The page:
The CQC has recently published a damning report on the Oaklands Private Hospital in Manchester. Two senior managers have lost their jobs following a Care Quality Commission report which branded the hospital as “inadequate” and states that patients were “at substantial risk of harm” during surgery.
Unbelievably, the inspection revealed that it was routine for anaesthetists to leave the operating theatre during operations for toilet breaks, meal breaks and even to watch television.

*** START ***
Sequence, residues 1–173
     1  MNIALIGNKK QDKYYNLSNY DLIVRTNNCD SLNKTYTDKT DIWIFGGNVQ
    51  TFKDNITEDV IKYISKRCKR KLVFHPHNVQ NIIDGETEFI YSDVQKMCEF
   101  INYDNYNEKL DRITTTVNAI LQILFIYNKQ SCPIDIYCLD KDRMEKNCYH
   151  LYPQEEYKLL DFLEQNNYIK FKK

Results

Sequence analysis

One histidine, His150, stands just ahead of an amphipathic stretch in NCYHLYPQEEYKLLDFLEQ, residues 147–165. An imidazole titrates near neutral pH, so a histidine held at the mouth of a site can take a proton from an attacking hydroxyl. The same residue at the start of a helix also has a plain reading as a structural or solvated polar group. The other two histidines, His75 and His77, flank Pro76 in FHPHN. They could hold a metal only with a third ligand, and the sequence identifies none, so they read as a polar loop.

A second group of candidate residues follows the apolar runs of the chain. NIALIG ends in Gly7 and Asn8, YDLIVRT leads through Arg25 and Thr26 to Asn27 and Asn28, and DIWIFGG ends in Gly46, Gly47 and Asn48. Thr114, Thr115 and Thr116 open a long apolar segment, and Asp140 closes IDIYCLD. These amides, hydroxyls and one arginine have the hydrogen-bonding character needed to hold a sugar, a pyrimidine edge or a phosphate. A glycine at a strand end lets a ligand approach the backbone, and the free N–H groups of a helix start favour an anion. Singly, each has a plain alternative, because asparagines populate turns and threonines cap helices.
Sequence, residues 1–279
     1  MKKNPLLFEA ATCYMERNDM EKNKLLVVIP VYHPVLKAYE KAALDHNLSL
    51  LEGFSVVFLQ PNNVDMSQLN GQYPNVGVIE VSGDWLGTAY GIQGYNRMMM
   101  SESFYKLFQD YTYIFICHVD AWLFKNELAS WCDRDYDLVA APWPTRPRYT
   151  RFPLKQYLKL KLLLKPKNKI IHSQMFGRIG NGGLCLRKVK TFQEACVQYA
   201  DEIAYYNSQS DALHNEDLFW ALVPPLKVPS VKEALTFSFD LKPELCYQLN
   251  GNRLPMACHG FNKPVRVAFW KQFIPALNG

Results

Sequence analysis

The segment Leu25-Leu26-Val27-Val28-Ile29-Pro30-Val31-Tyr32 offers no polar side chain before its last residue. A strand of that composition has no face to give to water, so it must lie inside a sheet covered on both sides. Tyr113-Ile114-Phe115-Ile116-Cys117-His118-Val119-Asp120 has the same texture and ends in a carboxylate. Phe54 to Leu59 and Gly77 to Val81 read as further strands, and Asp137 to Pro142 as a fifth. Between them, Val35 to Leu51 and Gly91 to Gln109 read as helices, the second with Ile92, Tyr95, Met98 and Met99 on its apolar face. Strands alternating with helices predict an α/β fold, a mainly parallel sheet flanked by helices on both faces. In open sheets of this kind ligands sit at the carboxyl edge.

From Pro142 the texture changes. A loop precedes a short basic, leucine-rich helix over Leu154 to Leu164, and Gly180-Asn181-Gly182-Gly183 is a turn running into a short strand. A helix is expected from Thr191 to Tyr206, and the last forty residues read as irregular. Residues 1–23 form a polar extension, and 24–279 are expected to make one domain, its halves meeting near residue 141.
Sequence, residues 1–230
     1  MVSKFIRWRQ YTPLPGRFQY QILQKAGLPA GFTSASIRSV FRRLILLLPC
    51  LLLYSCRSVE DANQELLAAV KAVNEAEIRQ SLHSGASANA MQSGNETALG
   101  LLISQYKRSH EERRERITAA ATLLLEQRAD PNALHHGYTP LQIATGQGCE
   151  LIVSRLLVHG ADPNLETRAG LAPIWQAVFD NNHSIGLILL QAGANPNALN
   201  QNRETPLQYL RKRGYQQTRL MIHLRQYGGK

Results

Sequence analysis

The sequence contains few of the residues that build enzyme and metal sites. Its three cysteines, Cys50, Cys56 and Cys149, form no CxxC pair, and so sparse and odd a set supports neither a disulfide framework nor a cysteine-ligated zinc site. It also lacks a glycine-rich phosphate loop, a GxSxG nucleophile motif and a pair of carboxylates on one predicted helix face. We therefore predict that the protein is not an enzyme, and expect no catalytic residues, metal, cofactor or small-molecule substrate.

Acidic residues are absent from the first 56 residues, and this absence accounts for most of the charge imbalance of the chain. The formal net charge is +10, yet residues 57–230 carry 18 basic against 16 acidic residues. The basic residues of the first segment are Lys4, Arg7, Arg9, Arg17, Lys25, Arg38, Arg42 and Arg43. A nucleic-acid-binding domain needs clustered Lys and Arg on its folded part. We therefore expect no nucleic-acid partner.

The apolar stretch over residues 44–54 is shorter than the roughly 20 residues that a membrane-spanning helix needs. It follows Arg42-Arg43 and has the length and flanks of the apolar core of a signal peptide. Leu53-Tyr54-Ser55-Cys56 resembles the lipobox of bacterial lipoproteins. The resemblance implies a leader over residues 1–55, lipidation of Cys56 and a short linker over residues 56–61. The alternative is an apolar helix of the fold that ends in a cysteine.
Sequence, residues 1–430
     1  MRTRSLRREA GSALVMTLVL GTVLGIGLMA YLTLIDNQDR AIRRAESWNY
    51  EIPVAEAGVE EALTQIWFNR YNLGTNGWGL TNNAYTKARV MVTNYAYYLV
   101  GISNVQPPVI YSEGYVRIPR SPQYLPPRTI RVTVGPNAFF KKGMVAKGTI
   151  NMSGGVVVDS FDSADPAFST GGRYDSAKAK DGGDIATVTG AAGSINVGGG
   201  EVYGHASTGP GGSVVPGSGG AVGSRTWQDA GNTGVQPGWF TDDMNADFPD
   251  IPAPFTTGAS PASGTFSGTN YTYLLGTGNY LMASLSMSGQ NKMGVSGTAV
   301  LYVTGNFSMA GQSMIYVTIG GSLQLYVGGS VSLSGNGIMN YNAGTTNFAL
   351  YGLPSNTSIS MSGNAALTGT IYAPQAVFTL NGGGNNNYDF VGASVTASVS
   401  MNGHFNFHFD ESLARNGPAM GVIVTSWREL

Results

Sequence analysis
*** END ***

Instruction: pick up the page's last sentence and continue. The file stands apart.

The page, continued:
The hospital treats both NHS and private-paying patients for a range of surgical treatment including knee and hip replacements, cosmetic, cardiac and bariatric surgery. During these operations, it is vital that an anaesthetist is present to ensure the patient’s safety whilst they are “under the knife”. The anaesthetist is obviously there so that the correct level of medication is provided so that the patient is adequately sedated but also in case of any more serious and rare complications such as a cardiac or respiratory arrest. Worryingly, the report found that most operating theatre staff were not trained to look after patients should they suffer such a complication.
In response, the hospital has assured patients that they are committed to rectifying all the problems found in October of last year and that significant improvements have been made.